I think the young woman’s name was Linda.

Through the, 5th, 6th, and  7th grade and maybe into the 8th, I spent one afternoon, for one hour a week, almost every week, at her house.

Learning to play the piano. Well, sort of.

Let me explain.

During my 5 or 6 months of beginning lessons, learning the scales and notes was sufficiently exciting that I excelled. Because I practiced a lot. The next step towards proficiency relied upon faster sight reading synced to muscle memory and movement of fingers across keys. It poses the same barrier of activation that speed typing or stenography or any other activity that requires that you get to the point that you quit thinking your way through something and rely on brain and repetitive memory of fine muscles to get you there.

I never got there.

I balked. Or was lazy. Or too undisciplined and once I discovered an easier work around I didn’t even try.

I found I could slowly sight read through the notes and rhythms and once to the end, except for a few minor holes, I would have effectively ‘written’ the piece into my memory. All that was left to do was apply the notes in my head to appropriate finger movement, while watching my fingers. Instead of honing that muscle memory.

Strange strategy to my way of thinking now but I was  different then. Back then, my young, vibrant brain was quite efficient at memory exercises and rather than hone a new set of neural pathways, I chose to  just use the ones already in practice.

Linda (I didn’t call her by her first name) was excited in my neophyte months and exasperated all the  months after. Piano lessons became a chore at which I would pray every week something mildly catastrophic would happen so that I wouldn’t have to go. Not being able to sight read very fast and almost no practice during the week, allowed any musical promise I had to dissolve into a painfully, slow disappointing weekly hour in which Linda must surely have doubted her desire to teach piano.

Me? After every tortured hour, I left lighthearted, music execution stayed one more week  and I would promise myself I would do better starting the minute I got back home.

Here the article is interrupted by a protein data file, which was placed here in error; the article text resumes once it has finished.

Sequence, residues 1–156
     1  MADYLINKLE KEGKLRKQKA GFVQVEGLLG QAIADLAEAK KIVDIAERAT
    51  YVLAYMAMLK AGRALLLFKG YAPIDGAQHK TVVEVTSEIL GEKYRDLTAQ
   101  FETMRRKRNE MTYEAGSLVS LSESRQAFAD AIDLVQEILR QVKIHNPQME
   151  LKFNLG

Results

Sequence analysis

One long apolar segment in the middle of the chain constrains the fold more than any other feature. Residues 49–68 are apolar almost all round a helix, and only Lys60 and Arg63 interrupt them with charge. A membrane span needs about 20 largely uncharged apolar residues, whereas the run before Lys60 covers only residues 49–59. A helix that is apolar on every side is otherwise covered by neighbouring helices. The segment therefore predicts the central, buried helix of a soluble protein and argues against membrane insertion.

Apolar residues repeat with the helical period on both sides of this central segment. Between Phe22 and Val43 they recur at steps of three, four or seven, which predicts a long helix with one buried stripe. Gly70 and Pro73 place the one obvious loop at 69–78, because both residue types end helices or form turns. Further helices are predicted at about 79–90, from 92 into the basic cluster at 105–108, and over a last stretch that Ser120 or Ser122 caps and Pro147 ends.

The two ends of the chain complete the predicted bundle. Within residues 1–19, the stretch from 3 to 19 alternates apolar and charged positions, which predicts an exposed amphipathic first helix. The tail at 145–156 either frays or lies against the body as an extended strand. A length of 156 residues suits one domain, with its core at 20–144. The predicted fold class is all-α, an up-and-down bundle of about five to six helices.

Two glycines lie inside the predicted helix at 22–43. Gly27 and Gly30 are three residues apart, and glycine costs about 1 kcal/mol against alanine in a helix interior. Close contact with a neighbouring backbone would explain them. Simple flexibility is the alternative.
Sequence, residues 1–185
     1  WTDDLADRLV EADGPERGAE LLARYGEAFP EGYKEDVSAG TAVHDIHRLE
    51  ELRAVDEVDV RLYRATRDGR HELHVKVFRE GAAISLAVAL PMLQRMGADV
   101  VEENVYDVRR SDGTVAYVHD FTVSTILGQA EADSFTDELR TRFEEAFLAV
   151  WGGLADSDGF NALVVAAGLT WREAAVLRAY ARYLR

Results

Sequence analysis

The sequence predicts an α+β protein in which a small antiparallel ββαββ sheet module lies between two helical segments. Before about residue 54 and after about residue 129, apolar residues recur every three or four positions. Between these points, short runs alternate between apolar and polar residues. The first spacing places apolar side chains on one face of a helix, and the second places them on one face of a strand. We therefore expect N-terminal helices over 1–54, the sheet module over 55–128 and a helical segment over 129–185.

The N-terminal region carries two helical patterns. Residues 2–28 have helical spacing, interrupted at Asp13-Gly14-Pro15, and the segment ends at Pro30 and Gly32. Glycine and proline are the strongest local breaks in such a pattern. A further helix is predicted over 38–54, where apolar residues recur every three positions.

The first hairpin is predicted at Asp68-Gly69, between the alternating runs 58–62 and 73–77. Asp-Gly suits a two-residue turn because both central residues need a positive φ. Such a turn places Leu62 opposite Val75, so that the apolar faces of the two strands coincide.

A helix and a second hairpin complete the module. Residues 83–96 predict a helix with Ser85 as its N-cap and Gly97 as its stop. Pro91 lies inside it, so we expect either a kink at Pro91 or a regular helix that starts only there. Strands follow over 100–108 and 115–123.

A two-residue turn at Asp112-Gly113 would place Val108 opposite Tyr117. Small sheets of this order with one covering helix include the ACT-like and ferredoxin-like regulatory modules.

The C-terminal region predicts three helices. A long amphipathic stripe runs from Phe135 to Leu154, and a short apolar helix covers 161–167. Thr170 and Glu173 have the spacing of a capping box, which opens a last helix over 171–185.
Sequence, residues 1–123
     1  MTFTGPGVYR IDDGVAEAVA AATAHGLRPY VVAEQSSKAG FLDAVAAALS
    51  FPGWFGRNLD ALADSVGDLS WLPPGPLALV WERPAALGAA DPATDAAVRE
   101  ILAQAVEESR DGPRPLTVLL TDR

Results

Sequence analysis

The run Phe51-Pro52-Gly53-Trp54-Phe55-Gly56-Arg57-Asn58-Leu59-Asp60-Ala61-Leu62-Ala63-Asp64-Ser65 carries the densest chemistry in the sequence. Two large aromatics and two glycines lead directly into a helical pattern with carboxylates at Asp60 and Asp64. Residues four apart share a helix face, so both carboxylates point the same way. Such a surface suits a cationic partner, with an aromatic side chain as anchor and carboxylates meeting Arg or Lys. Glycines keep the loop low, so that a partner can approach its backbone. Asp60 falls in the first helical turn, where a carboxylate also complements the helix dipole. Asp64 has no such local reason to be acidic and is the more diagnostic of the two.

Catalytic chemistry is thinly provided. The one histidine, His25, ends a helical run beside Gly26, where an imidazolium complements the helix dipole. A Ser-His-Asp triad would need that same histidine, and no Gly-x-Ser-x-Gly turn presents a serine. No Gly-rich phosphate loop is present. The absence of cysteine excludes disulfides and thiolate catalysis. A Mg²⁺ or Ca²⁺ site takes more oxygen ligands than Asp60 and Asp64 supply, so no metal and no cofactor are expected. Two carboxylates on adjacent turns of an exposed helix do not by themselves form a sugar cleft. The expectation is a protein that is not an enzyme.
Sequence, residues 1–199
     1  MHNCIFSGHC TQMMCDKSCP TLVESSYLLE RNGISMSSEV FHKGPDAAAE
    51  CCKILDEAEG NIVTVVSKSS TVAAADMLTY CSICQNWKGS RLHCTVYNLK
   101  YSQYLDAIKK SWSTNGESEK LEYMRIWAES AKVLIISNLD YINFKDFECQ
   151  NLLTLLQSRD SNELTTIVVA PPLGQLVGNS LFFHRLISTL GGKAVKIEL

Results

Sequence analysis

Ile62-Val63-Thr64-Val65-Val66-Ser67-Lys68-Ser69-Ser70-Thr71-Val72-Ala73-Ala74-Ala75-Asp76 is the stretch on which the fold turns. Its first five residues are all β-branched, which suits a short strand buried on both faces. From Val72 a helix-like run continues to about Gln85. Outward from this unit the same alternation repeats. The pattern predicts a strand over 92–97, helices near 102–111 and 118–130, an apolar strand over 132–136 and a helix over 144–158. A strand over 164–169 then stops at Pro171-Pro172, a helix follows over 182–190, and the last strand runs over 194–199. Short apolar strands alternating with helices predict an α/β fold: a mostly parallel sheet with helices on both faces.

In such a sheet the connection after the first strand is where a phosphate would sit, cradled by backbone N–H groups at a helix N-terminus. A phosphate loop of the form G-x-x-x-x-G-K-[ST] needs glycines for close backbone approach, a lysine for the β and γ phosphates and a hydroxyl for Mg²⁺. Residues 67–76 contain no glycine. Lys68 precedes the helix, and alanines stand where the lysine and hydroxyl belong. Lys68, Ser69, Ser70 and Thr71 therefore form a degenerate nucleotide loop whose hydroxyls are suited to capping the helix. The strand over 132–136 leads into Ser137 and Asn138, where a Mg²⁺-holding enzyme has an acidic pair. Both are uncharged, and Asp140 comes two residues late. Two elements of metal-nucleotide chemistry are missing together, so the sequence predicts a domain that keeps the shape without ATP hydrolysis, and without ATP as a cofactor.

Which never happened.

It would be some years, married with small children and determined that they should have music in their lives, that the piano my father had laid 75 hours of concrete to acquire, was brought to Houston, tuned, and available.

And I did the same thing to my children.

I started them early and contrary to what happens when you have a succession of children, I was as diligent with the last as I was with the first.

Mind you, I had no prejudice that strictly included the piano nor would my sons limit themselves to that instrument. However, it’s my recollection that their practice at piano was equal to mine and if pushed to admit their weekly appointments with the teacher they would most likely echo my thoughts, albeit if with much less guilt and angst than I. Much to my wonderment they would eventually become quite decent sight readers and certainly more proficient in the art of music through high school music programs. They would certainly become expert appreciators of the unique place of music as a universal language of the soul.

It was Jake that came home from basic training, as a fine, fit, 19 year old, idealist and told me that one Sunday he had played the piano for the black church where he had worshiped.

I tried not to say “you did what?!?!”

“Yeah, they asked if anyone could play the piano and I figured I could just get up their and see if I could.”

Jake had learned a couple of guitar blues riffs from somewhere and figured they’d suffice in any kind of piano accompaniment might be required as the church worshiped in song.

“How did it go?” I asked, still dumbfounded.

“Really good. It was fun. I don’t know if they will ask me again,” he said, smiling in recollection of the service and the worship.